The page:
I had the good fortune of having dinner with Cheryl McKinnon Monday evening as she was slumming it down here in Washington before heading to the glitz of Gilbane. As we were catching-up, our conversation invariably crossed paths with Lee Dallas’s inspired post on Quantum Shopping.
If you haven’t read that post, go read it NOW. Forget this post. While I haven’t finished writing it, I can already tell you that his post is dramatically better. That said, this post also makes a lot less sense if you haven’t read his post.
The Sock Dilemma
One of the major points that Lee discusses is the fact that the continuously vanishing socks fuel Quantum Shopping. Having observed Quantum Shopping for years, whereas you spend money to save money and the savings goes somewhere in the multi-verse, I have a few points of observation:
- Socks are not directly related to Quantum Shopping
- Any material item can be used to drive the Quantum Shopping engine
In Lee’s case, the driver appears to be socks, but this is purely incidental. He focuses upon the common phenomenon of the missing sock. He correctly observes that they tend to vanish into a wormhole and are doing so at an alarming rate.
The only problem is that far more socks go into the wormhole than money returns.
What he completely forgets is the Law of Conservation of Energy.
Conserving More Than Energy
When a sock vanishes, it never disappears. It can’t. The Law of the Conservation of Energy clearly states the total amount of energy in an isolated system remains constant over time. The thing is, if you define the isolated system as the entire multi-verse, energy is always conserved.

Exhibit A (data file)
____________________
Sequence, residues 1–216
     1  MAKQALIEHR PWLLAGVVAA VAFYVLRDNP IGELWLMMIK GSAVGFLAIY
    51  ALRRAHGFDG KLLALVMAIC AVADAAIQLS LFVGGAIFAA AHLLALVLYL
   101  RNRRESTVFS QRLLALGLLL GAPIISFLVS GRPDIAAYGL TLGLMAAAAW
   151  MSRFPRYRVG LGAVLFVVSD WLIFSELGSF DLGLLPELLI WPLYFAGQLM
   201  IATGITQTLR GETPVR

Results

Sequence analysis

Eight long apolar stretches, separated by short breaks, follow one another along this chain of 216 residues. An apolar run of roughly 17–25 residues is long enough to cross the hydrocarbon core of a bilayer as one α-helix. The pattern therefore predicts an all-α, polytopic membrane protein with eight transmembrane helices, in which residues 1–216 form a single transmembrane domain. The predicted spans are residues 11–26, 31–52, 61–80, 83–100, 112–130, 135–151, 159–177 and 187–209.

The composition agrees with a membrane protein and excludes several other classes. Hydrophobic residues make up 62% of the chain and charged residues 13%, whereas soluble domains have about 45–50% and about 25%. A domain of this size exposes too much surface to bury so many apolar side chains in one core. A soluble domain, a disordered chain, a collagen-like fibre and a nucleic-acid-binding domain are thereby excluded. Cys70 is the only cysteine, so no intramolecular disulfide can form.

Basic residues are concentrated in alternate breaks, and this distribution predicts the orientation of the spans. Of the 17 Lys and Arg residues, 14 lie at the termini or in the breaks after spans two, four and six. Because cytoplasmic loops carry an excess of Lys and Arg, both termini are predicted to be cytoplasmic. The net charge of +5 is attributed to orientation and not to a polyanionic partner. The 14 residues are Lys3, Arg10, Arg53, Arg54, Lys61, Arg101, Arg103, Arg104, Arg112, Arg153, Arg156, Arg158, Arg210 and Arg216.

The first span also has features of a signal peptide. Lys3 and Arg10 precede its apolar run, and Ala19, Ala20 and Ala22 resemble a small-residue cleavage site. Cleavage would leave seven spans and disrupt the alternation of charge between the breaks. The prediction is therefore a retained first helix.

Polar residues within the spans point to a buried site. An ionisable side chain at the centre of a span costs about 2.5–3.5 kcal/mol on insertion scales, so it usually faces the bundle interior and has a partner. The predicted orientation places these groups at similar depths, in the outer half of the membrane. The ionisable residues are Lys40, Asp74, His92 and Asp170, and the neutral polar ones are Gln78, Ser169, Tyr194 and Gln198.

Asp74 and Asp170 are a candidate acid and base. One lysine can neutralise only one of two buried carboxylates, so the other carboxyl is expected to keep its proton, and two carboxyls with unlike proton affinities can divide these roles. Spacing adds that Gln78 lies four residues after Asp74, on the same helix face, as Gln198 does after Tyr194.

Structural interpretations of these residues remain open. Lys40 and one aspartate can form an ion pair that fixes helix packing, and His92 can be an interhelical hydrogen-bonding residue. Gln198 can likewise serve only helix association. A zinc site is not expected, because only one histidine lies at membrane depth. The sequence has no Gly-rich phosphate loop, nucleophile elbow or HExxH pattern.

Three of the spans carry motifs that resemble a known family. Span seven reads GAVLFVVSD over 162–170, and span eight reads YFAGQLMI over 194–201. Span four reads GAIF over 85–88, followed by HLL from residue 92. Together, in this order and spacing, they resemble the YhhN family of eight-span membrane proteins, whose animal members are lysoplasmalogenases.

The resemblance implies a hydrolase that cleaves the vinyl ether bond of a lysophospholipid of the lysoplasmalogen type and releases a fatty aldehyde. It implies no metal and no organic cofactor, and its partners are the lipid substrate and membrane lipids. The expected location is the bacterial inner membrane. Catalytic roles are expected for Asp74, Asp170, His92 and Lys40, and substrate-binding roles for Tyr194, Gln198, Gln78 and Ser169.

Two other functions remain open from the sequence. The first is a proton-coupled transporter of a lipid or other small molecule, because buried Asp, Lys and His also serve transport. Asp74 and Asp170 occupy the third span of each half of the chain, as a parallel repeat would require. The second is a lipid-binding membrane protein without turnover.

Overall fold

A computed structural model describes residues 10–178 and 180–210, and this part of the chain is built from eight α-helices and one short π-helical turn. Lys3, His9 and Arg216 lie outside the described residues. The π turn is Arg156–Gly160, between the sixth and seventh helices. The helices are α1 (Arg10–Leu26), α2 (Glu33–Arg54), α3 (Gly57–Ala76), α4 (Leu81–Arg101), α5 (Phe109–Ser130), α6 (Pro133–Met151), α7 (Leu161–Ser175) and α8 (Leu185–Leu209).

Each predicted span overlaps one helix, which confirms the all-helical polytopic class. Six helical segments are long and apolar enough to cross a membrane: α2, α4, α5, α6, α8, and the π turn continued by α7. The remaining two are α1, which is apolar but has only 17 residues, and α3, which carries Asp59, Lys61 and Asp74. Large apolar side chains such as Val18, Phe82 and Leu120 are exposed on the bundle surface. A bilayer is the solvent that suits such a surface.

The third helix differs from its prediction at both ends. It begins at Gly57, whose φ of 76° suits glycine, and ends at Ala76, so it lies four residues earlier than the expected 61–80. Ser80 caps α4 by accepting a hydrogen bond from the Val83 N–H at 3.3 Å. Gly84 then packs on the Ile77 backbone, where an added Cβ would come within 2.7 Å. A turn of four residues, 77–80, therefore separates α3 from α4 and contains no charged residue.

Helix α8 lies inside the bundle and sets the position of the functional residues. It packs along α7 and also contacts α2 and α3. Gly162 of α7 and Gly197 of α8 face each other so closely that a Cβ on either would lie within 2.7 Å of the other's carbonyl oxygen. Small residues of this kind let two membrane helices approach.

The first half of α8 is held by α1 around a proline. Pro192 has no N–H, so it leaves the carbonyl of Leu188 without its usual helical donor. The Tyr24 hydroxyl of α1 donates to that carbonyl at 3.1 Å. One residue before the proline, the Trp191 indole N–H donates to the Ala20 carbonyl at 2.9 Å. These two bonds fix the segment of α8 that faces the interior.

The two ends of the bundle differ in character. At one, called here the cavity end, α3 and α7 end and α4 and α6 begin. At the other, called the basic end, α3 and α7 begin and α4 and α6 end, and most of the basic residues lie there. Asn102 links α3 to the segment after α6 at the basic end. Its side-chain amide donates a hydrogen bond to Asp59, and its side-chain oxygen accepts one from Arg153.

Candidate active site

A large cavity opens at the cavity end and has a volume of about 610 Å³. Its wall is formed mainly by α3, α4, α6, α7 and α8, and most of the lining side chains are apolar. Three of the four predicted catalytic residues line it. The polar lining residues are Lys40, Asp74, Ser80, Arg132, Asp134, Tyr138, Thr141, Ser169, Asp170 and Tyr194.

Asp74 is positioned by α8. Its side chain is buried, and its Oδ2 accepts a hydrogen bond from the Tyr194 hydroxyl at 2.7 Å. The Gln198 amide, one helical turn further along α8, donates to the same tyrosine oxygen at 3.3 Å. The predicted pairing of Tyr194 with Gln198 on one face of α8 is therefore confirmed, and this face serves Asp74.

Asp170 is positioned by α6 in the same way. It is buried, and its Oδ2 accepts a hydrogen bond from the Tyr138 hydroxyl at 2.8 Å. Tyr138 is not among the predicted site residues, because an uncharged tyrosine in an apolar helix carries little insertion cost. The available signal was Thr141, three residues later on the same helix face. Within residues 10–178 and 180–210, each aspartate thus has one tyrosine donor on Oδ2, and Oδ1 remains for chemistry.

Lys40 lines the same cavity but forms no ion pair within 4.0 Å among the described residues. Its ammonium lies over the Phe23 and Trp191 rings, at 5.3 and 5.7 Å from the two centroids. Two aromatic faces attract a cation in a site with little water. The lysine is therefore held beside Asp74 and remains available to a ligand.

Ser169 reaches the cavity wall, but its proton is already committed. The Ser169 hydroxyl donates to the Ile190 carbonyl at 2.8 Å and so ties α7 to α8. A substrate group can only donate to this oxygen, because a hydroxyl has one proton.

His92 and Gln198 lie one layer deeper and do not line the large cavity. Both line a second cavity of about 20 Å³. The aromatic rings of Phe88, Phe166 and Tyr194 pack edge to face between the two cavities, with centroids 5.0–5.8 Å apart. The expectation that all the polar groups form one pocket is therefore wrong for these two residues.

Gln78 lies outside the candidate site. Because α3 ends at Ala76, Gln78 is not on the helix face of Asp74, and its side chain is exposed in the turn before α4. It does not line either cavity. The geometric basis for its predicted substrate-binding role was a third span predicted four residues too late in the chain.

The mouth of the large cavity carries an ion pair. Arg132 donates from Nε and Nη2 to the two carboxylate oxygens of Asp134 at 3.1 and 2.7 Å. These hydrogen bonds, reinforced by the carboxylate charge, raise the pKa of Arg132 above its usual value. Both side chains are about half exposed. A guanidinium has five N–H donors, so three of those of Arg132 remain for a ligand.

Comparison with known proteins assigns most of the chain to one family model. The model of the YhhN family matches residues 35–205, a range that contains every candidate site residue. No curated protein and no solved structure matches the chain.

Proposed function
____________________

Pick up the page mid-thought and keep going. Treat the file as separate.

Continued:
We just don’t always understand the why of it.
Oh, don’t get me wrong, I complete loads of laundry all the time where a sock invariably turns-up without its mate. When this happens, I put the sock in the front of the drawer. What is really interesting, half of the time, the other sock is already in the drawer.
When a sock vanishes into the wormhole, it is just relocated. Its displacement may be offset my money from Quantum Shopping, but I find that the best reaction is to wait. The sock is not destroyed. It will invariably be attracted by it’s opposite and be drawn back through the wormhole and into my wash.
Usually this just takes weeks, though it has taken months in the past.
Instead of delving into the messiness of Quantum Shopping and the crazy concept of spending money in order to save money, Lee should spend time in other activities, like writing blog entries at Chick-fil-a. He should be patient and simply await the return of the wayward sock. The return of the sock will negate the need for the Quantum Shopping experience.
Of course, I have observed Quantum Shopping driven by other needs, but by being more Zen and having faith in the more established, and easily understood, laws of the universe, Lee can avoid some Quantum Shopping.